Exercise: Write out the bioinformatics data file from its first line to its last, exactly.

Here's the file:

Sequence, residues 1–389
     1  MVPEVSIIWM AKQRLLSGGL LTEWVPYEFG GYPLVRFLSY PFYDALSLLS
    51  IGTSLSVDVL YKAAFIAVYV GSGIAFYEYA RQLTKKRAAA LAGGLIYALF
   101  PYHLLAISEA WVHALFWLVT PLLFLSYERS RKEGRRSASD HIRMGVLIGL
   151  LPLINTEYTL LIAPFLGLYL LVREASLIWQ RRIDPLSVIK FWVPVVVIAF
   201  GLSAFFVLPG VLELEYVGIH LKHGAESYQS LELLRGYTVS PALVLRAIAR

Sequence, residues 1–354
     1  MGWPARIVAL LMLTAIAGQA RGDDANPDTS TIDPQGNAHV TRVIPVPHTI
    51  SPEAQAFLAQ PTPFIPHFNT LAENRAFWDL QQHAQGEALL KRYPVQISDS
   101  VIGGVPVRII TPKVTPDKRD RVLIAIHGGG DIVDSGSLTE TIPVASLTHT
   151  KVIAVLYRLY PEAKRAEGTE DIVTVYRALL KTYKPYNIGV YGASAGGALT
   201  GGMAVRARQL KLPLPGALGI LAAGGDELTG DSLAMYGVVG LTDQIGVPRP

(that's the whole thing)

Sequence, residues 1–389
     1  MVPEVSIIWM AKQRLLSGGL LTEWVPYEFG GYPLVRFLSY PFYDALSLLS
    51  IGTSLSVDVL YKAAFIAVYV GSGIAFYEYA RQLTKKRAAA LAGGLIYALF
   101  PYHLLAISEA WVHALFWLVT PLLFLSYERS RKEGRRSASD HIRMGVLIGL
   151  LPLINTEYTL LIAPFLGLYL LVREASLIWQ RRIDPLSVIK FWVPVVVIAF
   201  GLSAFFVLPG VLELEYVGIH LKHGAESYQS LELLRGYTVS PALVLRAIAR

Sequence, residues 1–354
     1  MGWPARIVAL LMLTAIAGQA RGDDANPDTS TIDPQGNAHV TRVIPVPHTI
    51  SPEAQAFLAQ PTPFIPHFNT LAENRAFWDL QQHAQGEALL KRYPVQISDS
   101  VIGGVPVRII TPKVTPDKRD RVLIAIHGGG DIVDSGSLTE TIPVASLTHT
   151  KVIAVLYRLY PEAKRAEGTE DIVTVYRALL KTYKPYNIGV YGASAGGALT
   201  GGMAVRARQL KLPLPGALGI LAAGGDELTG DSLAMYGVVG LTDQIGVPRP